I was thinking about how inadequate the Z-buffer tends to be in most game engines. A lot of games use two cameras to render one scene, one close and one far camera. But I had a thought that’s somewhat hard to explain, so I’ll do my best.
A depth image goes from 0…1, where 0 is closest to the camera and 1 is the max distance. We use an RGB image and place the depth value in all 3 channels of the texture, then pass it in. (Now bare with me, I know my math isn’t perfect here but it’s just an example) so for a 1000 unit buffer, a reading of 0.5 is 500 units. Further areas of the screen would become a bit harder to discern and this is what causes Z-fighting.
So here’s my thought: The application or user can decide a number of layers and a depth per layer. So say our depth is split into 10 layers of 1000 units each. We store the 0…1 depth in the R/G channels, then the B channel is filled with the layer number divided by max layers. So for a 10 layer image, 1000-unit layers, something 3200 units away would be stored as (0.2, 0.2, 0.3). Your math to extract this as a normal depth value would simply be the following:
(DepthTexture.b * NumLayers) + DepthTexture.r
(0.3 * 10) + 0.2 = 3.2
Again, I know this isn’t exact math, there’s other things that go into depth calculations, but it’s just an example. The big question is, would this even be possible?
Doing something like that is very common, simply use multiple viewports. In most “open world” games this is used to simulate a “horizon” with a generated rendering of the far away terrain etc.
Rendering something with full resolution that is far away enough to cause z-fighting doesn’t make sense in the first place though, you should anyway have multiple ways to create “near” and “far” geometry.
I see. I just had a random thought and wondered if it was applicable or even possible. I knew lots of games used the multiple viewports tactic (jMEPlanet uses it as well), I just thought maybe compounding it to one viewport with a slightly more complex depth buffer might help performance in some way.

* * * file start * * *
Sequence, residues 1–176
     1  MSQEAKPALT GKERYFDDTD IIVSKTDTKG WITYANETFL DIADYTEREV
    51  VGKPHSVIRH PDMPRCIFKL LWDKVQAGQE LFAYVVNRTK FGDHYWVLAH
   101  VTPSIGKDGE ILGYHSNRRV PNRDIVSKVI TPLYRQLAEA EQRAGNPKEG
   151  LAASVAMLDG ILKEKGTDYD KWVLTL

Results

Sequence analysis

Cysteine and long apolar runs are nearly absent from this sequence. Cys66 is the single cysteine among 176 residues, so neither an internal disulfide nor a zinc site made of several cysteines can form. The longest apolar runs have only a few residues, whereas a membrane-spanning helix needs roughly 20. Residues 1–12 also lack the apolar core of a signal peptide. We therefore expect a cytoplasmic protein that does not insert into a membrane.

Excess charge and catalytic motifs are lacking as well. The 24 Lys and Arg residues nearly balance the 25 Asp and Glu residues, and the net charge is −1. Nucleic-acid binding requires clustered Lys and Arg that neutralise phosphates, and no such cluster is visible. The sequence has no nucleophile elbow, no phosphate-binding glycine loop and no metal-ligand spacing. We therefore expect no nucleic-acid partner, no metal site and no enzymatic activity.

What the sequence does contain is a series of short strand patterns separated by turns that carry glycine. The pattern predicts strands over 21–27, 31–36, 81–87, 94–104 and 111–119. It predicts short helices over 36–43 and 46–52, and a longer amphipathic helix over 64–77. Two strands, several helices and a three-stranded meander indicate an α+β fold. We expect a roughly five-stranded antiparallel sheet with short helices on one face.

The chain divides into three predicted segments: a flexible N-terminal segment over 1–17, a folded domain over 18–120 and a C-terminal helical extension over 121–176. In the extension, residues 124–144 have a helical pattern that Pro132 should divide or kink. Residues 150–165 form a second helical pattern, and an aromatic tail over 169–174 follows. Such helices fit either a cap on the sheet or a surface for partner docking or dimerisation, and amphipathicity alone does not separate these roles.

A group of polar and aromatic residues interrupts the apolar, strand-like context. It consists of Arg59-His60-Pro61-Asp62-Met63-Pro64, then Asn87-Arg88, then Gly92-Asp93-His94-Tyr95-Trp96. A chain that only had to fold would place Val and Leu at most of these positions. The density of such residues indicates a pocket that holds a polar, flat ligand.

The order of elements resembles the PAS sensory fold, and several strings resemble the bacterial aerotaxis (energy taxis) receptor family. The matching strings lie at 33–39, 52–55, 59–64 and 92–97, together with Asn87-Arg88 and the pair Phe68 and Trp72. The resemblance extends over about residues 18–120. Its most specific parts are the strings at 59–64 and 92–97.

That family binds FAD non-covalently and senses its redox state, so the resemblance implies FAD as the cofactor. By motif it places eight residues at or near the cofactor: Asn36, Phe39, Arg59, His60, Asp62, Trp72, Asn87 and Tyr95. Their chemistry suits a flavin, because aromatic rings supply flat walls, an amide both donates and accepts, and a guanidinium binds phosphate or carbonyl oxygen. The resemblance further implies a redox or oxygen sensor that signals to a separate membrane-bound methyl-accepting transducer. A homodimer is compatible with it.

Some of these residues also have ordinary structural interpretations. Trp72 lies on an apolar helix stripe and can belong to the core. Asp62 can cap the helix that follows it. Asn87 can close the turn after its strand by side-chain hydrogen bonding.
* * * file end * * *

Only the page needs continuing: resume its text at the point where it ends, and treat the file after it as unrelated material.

Except you end up subverting the hardware that is designed to do this for you. It’s not like the depth buffer handling is done in code… it’s done down on the GPU. Depth-based rejection is intrinsic to the fragment pipeline.
So that answers my question haha. I kinda figured it wasn’t necessarily possible, at least not traditionally. Still, it’s an interesting thought I suppose.
What everybody does, is separate far objects and near objects into two (or more) rendering passes.
Near objects are rendered first, with stencil write enabled. Then the depth buffer is cleared, and the camera near / far values are set much higher, like 1000 - 100000 and far objects are rendered with stencil test equal 0. This allows objects to have far higher depth precision than normal, as normally you would have to use a relatively huge depth range like 1 - 100000 which would cause a lot of Z-fighting.
All space simulation games do it this way. Other types of games like Skyrim or Source engine games do it as well, as a “3D Skybox”, which is a skybox with actual geometry in it.
EDIT: The same technique is also used in first-person shooters to render the weapon. In that case, the weapon would be a “near” object, allowing it to be very detailed and appear “separate” from the rest of the scene.